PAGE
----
The price of a typical UK home has topped a quarter of million pounds for the first time, according to an index.
The average house price in October was £250,311, marking a 9.9% annual increase and a 0.7% month-on-month uplift, Nationwide Building Society said.
Robert Gardner, Nationwide’s chief economist, said: “The price of a typical UK home has now passed the £250,000 mark, an increase of £30,728 since the pandemic struck in March 2020.”
Mr Gardner said demand for homes has remained strong, despite the expiry of the stamp duty holiday at the end of September.
He continued: “Indeed, mortgage applications remained robust at 72,645 in September, more than 10% above the monthly average recorded in 2019. Combined with a lack of homes on the market, this helps to explain why price growth has remained robust.
“The outlook remains extremely uncertain. If the labour market remains resilient, conditions may stay fairly buoyant in the coming months – especially as the market continues to have momentum and there is scope for ongoing shifts in housing preferences as a result of the pandemic to continue to support activity.
“However, a number of factors suggest the pace of activity may slow. It is still unclear how the wider economy will respond to the withdrawal of Government support measures.
“Consumer confidence has weakened in recent months, partly as a result of a sharp increase in the cost of living.”
Mr Gardner said there has been increased speculation that the Bank of England will increase interest rates in the coming months.
He said: “Investors expect bank rate to be increased from its current record low of 0.1% before the end of the year – most likely to 0.25% or 0.5% – and perhaps reaching 1% within a year, though markets project they will remain close to that level in five years’ time.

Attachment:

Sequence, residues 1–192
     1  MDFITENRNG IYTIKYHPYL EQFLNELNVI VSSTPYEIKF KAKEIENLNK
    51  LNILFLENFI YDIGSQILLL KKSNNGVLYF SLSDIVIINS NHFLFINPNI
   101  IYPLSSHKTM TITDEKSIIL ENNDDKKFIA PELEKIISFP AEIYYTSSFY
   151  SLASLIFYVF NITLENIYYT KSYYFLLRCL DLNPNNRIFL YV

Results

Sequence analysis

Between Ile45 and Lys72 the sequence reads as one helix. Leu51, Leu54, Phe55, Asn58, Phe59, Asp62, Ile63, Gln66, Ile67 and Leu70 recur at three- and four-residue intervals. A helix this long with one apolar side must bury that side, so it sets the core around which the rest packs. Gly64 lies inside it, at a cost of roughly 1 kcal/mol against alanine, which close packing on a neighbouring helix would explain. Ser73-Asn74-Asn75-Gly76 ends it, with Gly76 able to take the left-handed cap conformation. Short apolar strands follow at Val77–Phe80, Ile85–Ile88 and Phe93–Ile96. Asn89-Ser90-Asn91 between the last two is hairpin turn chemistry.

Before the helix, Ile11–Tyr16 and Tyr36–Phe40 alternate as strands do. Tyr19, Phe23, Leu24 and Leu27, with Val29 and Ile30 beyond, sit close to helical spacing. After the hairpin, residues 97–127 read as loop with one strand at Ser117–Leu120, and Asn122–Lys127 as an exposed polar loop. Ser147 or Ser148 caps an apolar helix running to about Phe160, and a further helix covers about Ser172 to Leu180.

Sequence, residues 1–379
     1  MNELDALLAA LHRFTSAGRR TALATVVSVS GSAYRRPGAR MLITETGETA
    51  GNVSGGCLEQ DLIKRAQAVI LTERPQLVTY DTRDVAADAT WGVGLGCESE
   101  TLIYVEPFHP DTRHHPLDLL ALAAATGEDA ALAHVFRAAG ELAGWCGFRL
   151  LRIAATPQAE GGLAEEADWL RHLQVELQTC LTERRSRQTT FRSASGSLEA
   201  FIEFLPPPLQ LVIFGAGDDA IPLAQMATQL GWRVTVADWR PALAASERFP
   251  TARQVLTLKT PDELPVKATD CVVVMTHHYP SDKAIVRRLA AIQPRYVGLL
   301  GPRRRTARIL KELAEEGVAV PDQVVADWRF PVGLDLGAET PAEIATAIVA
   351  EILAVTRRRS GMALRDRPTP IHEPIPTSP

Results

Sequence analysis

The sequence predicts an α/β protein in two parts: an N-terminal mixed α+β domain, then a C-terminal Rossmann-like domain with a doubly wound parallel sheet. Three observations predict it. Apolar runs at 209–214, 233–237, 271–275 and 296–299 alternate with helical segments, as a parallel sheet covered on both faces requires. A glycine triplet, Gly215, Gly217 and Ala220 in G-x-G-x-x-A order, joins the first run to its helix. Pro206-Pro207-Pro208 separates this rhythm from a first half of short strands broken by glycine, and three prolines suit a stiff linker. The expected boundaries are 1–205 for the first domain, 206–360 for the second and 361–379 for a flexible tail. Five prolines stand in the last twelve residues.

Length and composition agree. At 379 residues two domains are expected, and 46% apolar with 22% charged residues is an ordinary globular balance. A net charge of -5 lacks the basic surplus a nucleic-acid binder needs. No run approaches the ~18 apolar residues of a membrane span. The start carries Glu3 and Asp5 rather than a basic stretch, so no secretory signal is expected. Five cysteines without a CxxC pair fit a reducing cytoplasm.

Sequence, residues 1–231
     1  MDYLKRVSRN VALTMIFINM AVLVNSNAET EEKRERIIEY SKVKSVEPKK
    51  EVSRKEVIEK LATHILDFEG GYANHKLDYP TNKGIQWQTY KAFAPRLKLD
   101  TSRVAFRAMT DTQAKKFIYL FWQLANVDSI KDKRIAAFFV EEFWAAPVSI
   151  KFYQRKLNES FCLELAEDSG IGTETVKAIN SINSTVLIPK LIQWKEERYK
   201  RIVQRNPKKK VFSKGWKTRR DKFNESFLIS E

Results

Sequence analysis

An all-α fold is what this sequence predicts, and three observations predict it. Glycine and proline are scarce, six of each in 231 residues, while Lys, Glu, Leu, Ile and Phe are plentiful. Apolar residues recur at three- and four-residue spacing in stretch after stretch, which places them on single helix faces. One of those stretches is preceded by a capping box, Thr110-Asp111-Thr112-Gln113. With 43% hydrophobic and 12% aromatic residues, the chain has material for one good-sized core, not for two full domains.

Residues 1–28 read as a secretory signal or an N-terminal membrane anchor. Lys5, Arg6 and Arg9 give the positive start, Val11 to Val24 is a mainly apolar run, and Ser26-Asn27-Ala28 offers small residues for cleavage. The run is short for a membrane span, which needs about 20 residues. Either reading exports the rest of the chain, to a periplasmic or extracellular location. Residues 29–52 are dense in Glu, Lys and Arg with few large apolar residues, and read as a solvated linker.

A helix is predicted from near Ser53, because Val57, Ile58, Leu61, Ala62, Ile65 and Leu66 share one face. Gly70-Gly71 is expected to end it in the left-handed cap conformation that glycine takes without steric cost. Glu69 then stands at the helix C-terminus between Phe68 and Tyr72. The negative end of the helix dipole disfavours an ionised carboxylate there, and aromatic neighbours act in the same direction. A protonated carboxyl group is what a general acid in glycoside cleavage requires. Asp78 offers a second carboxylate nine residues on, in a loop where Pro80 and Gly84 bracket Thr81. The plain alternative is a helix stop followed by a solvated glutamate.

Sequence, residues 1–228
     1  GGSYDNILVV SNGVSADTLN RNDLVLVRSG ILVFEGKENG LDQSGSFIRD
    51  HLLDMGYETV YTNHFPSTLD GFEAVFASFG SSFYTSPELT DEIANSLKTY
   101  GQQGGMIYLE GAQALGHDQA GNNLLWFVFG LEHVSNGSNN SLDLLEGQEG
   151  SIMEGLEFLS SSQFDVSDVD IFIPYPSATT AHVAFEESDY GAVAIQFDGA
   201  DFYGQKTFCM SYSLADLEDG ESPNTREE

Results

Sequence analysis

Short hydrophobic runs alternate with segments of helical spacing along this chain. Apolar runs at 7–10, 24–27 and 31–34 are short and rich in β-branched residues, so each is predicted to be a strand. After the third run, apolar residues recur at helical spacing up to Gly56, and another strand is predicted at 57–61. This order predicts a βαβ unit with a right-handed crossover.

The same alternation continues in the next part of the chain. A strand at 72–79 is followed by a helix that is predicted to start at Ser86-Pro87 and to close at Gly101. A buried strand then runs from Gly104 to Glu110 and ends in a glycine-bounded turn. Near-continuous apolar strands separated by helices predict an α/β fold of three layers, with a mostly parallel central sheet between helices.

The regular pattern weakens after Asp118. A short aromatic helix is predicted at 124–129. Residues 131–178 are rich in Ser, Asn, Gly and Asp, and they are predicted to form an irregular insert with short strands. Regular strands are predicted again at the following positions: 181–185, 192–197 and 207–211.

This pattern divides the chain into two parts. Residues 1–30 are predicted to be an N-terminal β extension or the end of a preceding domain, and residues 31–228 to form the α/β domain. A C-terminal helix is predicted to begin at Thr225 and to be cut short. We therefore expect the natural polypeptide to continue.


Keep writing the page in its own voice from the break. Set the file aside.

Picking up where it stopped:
“Providing the economy does not weaken significantly, the impact of a limited rise in interest rates on UK households is likely to be modest. This is partly because only a relatively small proportion of borrowers will be directly impacted by any change.
“Most lending on personal loans and credit cards is on fixed rates or tends to be unaffected by movements in the bank rate. Similarly, the vast majority of new mortgages have been extended on fixed interest rates in recent years.”
He said a 0.4 percentage point increase in rates to 0.5% “is likely to have a modest impact on most borrowers who are on variable rates”.
“For example, on the average mortgage, an interest rate increase of 0.4% would raise monthly payments by £28 to £625 (or around £335 extra per year), though a rise of bank rate to 1% would see typical payments go up by a more substantial £64 to £660 (more than £760 per year approximately).”
He added: “It’s important to note that a small proportion of households already have a relatively high debt service burden.
“For example, English Housing Survey data showed that in 2019 around 10% of homeowners spent more than 30% of their gross income on their mortgage each month.
“For those households, some of whom will be on variable rates, any rate rise will be a struggle, especially given the broader increase in the cost of living, even though the impact on the wider economy and most households is likely to be modest.”